On 16 September 2016, 42-year-old former Australian Taxation Office (ATO) employee Andrew Hurst was sentenced to seven years and six months imprisonment after he pleaded guilty in the District Court at Maroochydore of falsely claiming GST refunds worth $1,585,413.11 to which he was not entitled.
Hurst had registered as a sole trader, as well as the sole director and beneficiary of another business that was operating as a Trust. Both businesses purportedly provided podiatry services, however ATO investigations revealed both were fake.
Between April 2008 and June 2014, Hurst lodged 67 false business activity statements (BAS) with the ATO, where he recorded fictitious sales and purchases for his purported businesses. As a former ATO employee, Hurst knew that sales of a medical practitioner were GST-free and any purchases were GST claimable.
Hurst’s BAS claims triggered an audit in February 2009 after he submitted one for $43,427.
During this review of his entitlement to receive some of the GST refunds claimed, Hurst submitted fabricated documentation including fictitious bookkeeping entries and false tax invoices purportedly recording business activity and the supply of equipment to his business entities.
Hurst also unsuccessfully attempted to obtain a further $14,460 in GST refunds in relation to a falsified BAS lodged on behalf of the Trust entity, which was not paid by the ATO.
Hurst’s false BAS statements resulted in his two businesses obtaining total GST refunds of $1,585,413.11 to which they were not entitled. Hurst used this money to feed his gambling addiction and on overseas holidays, cruises, a time share, vehicles and home renovations.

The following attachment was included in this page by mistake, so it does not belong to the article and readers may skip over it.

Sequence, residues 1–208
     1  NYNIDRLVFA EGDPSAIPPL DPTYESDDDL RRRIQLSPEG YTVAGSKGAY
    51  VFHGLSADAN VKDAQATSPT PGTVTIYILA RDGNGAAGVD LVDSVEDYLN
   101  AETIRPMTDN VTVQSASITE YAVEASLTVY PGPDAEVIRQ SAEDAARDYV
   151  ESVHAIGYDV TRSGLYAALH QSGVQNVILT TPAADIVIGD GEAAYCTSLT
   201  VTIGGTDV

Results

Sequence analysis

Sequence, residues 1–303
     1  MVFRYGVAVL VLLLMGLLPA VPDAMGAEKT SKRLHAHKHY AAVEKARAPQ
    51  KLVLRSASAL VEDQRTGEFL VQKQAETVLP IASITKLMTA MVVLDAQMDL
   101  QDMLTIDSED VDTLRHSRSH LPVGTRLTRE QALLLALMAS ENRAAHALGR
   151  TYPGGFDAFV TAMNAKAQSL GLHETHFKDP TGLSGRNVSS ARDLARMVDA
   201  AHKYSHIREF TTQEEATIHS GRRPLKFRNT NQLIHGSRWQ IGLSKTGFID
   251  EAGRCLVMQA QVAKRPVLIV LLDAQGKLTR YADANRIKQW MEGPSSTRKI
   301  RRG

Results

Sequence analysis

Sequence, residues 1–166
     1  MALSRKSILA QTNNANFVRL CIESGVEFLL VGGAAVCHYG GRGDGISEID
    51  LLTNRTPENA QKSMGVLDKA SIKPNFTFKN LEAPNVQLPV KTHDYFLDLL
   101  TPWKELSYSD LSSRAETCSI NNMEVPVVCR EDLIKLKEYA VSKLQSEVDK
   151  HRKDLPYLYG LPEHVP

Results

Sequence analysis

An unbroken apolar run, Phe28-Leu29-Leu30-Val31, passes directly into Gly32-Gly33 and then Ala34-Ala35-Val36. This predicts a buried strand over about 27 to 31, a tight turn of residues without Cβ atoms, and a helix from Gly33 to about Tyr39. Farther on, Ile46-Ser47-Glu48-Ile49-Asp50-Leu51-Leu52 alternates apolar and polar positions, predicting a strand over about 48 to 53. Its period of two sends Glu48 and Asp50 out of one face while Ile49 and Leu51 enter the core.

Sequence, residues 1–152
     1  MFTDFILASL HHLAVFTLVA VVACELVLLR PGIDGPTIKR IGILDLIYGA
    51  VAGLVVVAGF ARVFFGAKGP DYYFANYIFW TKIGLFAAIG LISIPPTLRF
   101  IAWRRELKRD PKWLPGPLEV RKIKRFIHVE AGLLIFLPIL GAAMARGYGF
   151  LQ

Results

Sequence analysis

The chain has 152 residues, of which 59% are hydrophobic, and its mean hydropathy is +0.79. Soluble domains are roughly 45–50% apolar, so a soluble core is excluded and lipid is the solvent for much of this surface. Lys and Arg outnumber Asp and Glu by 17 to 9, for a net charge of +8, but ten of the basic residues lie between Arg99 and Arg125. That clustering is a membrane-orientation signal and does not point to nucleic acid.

Charge / Sentence
Following a guilty plea, on 16 September 2016 Hurst was sentenced to:
- seven years and six months imprisonment for two counts of obtaining a financial advantage by deception section contrary to subsection 134.2 (1) of the Criminal Code (Cth)
- two years imprisonment for using false documents contrary to subsection 145.1 (1) of the Criminal Code (Cth)
- two years imprisonment for attempting to obtain a financial advantage by deception contrary to sections 11.1(1) and 134.2(1) of the Criminal Code (Cth).
A single non-parole period of three years was imposed, and the sentences were ordered to be served concurrently. Four days presentence custody was declared as time already served.
Hurst was further ordered to pay reparation to the Commonwealth of Australia of $1,585,413.11 pursuant to subsection 21B of the Crimes Act 1914 (Cth).
In sentencing, Judge Long SC said Hurst’s offending was premeditated, calculated, and systematically persistent and involved substantial and cynical abuse of the self-assessment system relating to GST for businesses.
‘There was abuse therefore, of the trust reposed in the operators of businesses in that regard and the system for the making of genuine returns and claims. Apart from the financial loss to the Commonwealth, your conduct strikes at the level of confidence placed in the efficiency and integrity of the Australian taxation system.’
It was apparent to Judge Long SC that a degree of sophistication was involved, as Hurst had applied the knowledge he’d gained from his previous employment at the ATO. As a result, his Honour noted it was both necessary and appropriate to achieve general and personal deterrence through imposing condign punishment.
In sentencing, Judge Long SC took into account a previous criminal history for dishonesty offences, an early indication of a plea of guilty, his cooperation by making full admissions of his offending, his remorse, the impact the sentences would have on his family, and an assessment made by a clinical psychologist that Hurst had taken steps to address addictions to gambling, drugs and alcohol.